So far, Lafayette has fervently stuck to its belief that the league's non-scholarship move in the early 1990s was the right one, but now its options seem limited. The school rejected a plan to move the sports program down to Division III, and the only other non-scholarship conference in the land, the Ivy League, isn't expanding anytime soon (read: ever).
So what's a prideful program to do?
Lafayette head coach Fran O'Hanlon is very careful in answering that question, understanding the conflict between the competitive reality and his school's established beliefs.
"What defines a league? Schools that have the same mission statements," O'Hanlon said. "Obviously, our league is committed to student-athletes. I guess the next question is how do you fund those student-athletes and we're trying to find our own identity.
"The Patriot League is an excellent league and has an excellent mission. I don't know a better league for us to join, so I guess that's what we have to do [at some point] join the Patriot League [in giving some sort of scholarship aid to athletes]."
Although outsiders might think it's unreasonable for a non-scholarship program to be asked to prosper in a league where every other team is or soon will be fully stocked with scholarship players, O'Hanlon remains very satisfied with his lot.
"I'm committed," he said. "I believe in the model that we have student first, athlete second. I've had opportunities to go other places, but [I love] the type of student-athlete I get to coach and their commitment to be the best they can be, in the class and on the court.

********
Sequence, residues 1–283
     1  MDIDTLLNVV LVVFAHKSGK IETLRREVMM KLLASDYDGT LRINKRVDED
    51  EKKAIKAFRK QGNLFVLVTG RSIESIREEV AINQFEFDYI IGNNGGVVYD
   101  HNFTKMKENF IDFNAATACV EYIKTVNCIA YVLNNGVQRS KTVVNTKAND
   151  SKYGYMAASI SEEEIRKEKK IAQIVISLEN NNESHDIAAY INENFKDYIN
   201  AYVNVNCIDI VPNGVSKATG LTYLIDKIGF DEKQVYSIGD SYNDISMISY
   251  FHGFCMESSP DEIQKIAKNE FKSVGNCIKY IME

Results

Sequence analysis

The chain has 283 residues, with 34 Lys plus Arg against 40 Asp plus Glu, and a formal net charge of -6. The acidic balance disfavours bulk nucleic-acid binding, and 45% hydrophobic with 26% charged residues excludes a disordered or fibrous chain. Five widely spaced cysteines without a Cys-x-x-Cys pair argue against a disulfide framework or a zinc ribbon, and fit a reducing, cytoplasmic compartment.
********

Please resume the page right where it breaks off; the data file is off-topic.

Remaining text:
"We're not going to be the ACC or the Big East, but we're a very good league that not too many people want to play. We have some very good coaches and it's a very good product."
A very good product more and more people are acknowledging after this past March.
Good sign: Although Willard hates the move (because Worcester's pretty darn far from Annapolis, Md. and Easton, Pa.), the league's switch to a Wednesday/Saturday schedule (from Friday/Sunday) should significantly improve the quality of play on the weekend while limiting most teams' missed class time to a handful of days during the season. Teams might have to adjust to lesser officiating, as many first-choice refs will be officiating mid- and high-major conference games, but the increase in preparation and rest time is probably worth that sacrifice.
Red flag: If the scholarship disadvantage weren't enough to hinder Lafayette, the Leopards received a sizable blow in June when the league's leading rebounder, Jamaal Douglas, announced he was transferring to Eastern Kentucky. Douglas averaged seven boards per game and notched five double-doubles last season.
Safe bet: Bucknell is in the running for brightest team in the nation and we're not talking about book smarts. Kudos to the Bison for their "don't shoot me" orange road uniforms. Intense.
Beat Kansas and return practically everyone? Sounds like an automatic bid winner.
In his early (early, early) look at the 2006 NCAA Tournament field, our resident bracketologist, Joe Lunardi, has Bucknell making a repeat trip to the Dance.
|Team||League record||Overall record|
In an odd twist, the league's top nine scorers all return this season, with two Mountain Hawks in the top five.
|Leading returning scorers|
|Player (Team)||2004-05 PPG|
|Kevin Hamilton (Holy Cross)||15.7|
|Andre Ingram (American)||15.2|
|Matt Bell (Army)||14.3|
|Joe Knight (Lehigh)||13.6|
|Jose Olivero (Lehigh)||13.0|
Andy Glockner is the men's college basketball editor for ESPN.com. E-mail him here.